Gwadar is not even contiguous to Oman and its geography makes it a natural part of this country. Besides, the deal was fully transparent whereas India annexed Kashmir and it has never been able to produce the documents of accession.

Mr Bhandara has also cited the examples of South Tyrol and Andorra in support of his plea to make the Kashmir Valley independent and accede the rest of the held territory to India due to the presence of Hindu and Buddhist majorities over there, because he thinks India won't agree to a plebiscite.

The writer must remember that the basis of partition was that the Muslim-majority provinces and states would go to Pakistan. Otherwise Sindh, which had 30 per cent Hindu population, would have been split up, as also East Pakistan, with its sizable Hindu citizenry.

Pakistan should not yield to India's browbeating because the latter knows its case is indefensible. It doesn't let international human rights organizations visit the territory or allow Kashmir to be discussed in the UN, SAARC or the ARF. Our best bet is to use diplomatic pressure to seek international mediation instead of bilateral negotiations.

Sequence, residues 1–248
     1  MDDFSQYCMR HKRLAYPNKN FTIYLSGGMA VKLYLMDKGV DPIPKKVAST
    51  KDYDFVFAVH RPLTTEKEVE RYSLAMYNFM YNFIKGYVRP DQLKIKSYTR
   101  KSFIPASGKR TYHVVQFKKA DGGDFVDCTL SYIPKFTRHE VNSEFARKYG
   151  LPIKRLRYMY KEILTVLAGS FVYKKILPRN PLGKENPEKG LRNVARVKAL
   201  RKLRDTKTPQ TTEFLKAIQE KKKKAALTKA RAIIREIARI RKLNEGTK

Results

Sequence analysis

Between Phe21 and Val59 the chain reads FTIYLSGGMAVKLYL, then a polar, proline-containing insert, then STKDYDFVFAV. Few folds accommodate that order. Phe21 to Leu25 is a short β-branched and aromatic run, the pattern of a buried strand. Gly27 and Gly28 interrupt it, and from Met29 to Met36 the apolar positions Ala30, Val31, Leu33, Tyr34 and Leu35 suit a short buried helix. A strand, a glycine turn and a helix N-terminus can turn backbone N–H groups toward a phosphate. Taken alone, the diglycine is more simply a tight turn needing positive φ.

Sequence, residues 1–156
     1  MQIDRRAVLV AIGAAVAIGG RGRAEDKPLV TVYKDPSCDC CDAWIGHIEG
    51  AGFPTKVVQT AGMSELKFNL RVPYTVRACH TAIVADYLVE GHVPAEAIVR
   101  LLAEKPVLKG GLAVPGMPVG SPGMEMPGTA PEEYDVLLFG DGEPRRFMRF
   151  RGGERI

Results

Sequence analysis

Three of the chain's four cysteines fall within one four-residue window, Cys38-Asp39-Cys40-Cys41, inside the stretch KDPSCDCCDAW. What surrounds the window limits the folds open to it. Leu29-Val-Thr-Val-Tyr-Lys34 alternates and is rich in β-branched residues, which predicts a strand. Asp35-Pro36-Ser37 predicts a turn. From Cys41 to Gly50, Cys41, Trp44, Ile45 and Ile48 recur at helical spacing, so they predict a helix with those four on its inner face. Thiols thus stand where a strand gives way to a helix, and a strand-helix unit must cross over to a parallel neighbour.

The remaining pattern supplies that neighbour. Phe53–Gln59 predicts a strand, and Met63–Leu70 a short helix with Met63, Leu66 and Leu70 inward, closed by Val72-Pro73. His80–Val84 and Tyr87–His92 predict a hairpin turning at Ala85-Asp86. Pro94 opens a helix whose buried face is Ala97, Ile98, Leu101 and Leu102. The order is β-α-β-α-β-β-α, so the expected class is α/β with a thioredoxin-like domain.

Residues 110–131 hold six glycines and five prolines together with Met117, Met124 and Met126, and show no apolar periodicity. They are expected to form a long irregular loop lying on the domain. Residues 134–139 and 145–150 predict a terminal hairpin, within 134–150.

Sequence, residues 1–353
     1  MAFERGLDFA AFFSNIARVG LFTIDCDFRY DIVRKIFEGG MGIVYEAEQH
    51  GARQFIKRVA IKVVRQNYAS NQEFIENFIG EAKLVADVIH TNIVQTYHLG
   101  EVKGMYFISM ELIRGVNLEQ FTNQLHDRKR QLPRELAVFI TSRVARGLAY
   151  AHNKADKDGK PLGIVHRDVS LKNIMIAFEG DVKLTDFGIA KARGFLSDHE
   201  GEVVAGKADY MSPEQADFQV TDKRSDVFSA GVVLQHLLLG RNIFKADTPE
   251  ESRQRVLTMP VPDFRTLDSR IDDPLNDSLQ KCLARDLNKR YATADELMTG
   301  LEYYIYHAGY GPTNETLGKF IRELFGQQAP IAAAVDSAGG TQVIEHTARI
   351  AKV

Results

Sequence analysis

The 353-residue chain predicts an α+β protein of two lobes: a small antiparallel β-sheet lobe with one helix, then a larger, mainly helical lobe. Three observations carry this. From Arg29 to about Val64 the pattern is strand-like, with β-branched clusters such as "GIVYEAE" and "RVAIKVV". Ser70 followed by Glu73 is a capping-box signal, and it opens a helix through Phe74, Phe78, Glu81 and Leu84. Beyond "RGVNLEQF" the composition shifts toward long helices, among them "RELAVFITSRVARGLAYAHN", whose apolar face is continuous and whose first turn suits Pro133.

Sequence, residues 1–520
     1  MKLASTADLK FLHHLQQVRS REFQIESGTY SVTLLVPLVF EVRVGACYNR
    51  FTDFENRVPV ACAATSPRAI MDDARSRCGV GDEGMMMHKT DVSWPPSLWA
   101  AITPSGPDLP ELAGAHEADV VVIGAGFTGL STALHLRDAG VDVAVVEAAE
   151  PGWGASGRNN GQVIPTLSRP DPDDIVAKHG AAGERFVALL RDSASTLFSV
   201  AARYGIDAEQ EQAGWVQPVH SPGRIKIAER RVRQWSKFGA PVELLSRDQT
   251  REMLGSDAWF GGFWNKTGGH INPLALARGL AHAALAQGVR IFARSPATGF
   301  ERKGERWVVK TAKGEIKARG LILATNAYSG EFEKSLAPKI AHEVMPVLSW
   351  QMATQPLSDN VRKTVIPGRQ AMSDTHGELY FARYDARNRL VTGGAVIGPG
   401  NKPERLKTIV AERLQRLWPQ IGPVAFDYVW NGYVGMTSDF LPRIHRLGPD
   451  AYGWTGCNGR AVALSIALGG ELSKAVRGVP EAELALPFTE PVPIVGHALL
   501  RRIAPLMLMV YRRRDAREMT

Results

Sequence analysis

A READER

Karachi

The public's responsibility

Early in the morning of July 16, Lahore experienced a welcome monsoon rain. Mmany city roads were flooded. This time, however, I will not put the blame so much on the LDA or Wasa but on the public. I did not see any fault in the construction of the drainage system. What really happened is the following:

In many localities of Lahore drainage systems were in place and proper roads were made. What did the people do over there? First of all, they (or at least some of them) stole the manhole covers.